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Going Solo

(Roald Dahl's Autobiography #2)

really liked it 4.00  ·  Rating details ·  27,204 ratings  ·  1,522 reviews
Superb Stories, Daring Deeds, Fantastic Adventures

Here is the action-packed sequel to Boy, a tale of Dahl's exploits as a World War II pilot. Told with the same irresistible appeal that has made Roald Dahl one the world's best-loved writers, Going Solo brings you directly into the action and into the mind of this fascinating man.

From book cover:
The second part of Roald Dah
Paperback, 209 pages
Published April 5th 2001 by Puffin (first published 1986)
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really liked it Average rating 4.00  · 
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 ·  27,204 ratings  ·  1,522 reviews

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Start your review of Going Solo (Roald Dahl's Autobiography, #2)
Miranda Reads
Whew! This man did more within a year than I have in my life.

And the giraffes would incline their heads very slightly and stare down at me with languorous demure expressions, but they never ran away. I found it exhilarating to be able to walk freely among such huge graceful wild creatures and talk to them as I wished.

This is the second half of Dahl's autobiography. What a wild life! Right after high school, Roald packed up his belongings, got a job for the Shell company and set off for
Mar 19, 2008 rated it it was amazing
Recommends it for: boys (yep. I'm sexist like that)
Recommended to Malbadeen by: comes quietly back to thought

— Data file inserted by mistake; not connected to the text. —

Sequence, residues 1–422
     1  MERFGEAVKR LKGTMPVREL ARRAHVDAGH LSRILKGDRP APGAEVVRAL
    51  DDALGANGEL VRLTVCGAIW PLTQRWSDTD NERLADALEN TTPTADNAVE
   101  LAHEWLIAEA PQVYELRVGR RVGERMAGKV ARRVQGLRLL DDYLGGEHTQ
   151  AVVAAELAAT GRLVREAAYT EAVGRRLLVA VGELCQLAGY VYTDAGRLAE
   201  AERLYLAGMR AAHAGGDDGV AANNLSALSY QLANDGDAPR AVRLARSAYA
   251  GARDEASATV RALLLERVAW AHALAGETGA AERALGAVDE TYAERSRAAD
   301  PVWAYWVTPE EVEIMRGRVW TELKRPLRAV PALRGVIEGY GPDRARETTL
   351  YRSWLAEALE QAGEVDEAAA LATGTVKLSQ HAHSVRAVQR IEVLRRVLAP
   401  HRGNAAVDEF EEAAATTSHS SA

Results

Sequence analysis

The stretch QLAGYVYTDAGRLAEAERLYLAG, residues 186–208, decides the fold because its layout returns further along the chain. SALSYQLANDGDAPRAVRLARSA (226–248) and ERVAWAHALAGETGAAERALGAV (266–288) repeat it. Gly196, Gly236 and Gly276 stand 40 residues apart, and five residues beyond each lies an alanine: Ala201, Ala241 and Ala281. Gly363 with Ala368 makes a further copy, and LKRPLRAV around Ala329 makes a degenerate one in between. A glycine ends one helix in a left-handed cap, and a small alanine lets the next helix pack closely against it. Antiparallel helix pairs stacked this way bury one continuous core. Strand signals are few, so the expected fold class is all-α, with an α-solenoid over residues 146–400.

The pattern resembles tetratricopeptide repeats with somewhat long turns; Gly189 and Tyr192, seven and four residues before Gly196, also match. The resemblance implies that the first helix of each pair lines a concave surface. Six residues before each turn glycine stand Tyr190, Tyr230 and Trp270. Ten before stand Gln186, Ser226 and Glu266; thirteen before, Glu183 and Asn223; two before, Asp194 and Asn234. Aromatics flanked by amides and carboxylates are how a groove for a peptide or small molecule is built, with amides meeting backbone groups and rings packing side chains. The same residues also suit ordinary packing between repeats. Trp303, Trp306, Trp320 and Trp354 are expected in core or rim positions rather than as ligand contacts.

2). I'm giving this book 5 stars without having actually read it, but ya know what it's my review so I can do whatever I want (don't try and stop me)!
It's getting 5 stars because my 2nd grade son LOVES, LOVES, LOVES it!!! The other night he got sent to bed with no read aloud (the little bastard lied to me about brushing his teeth, I know I'm such a hard ass) but he didn't even care!!! He just said "OK", grabbed his this book and happily trotted off to bed.
Then last night I had to go into his roo
Paul Christensen
Mar 06, 2018 rated it it was amazing
Roald Dahl’s funny and vivid second autobiography covers the 1930s and 40s.

It deals with his time in:

Dodging deadly black mamba snakes.

Fighting against the Luftwaffe in the Battle of Athens with only seven rickety planes.

As a witness to the prelude of the creation of the Zionist entity. This section is extremely creepy and deserves to be quoted:

‘Is this your land?’ I asked him.
‘Not yet,’ he said.
‘You mean you’re hoping to buy it?’
He looked at me in silence for a while. Then
i don't know why, as a child, i was so obsessed with roald dahl's recollection of his time as a soldier flying airplanes over Africa during World War II?

but it is probably what got me in for a lifelong lukewarm interest in WWII that is responsible for 54% of what i have in common with my father, so. i should be grateful.

part of a project i'm doing where i review books i read a long time ago. in this case at the age of approximately 8.
Wow, Roald was in some series air battles during World War II. I mean he could have easily died. It might not be true, but I think he came through all that mess so he could write these children's stories for the world. He should have died many times during the Battle for Athens and all the other times he went up in the air.

There was a time he was talking about flying 300 miles and hour so low to the ground to escape being shot down that he had to lift up to not hit cows and walls on the ground.
Jan 08, 2017 rated it really liked it
Shelves: audiobook
“A life is made up of a great number of small incidents and a small number of great ones.” So opens the second and 'adult-based' portion of Roald Dahl's autobiography. He makes perfectly clear that this is not such a book, for autobiographies are full of useless and boring information. Dahl seeks to offer the reader some of the key memories he had during his early adult life, particularly serving in the Second World War. Accepting a job with the Shell Company, Dahl is soon shipped to the African ...more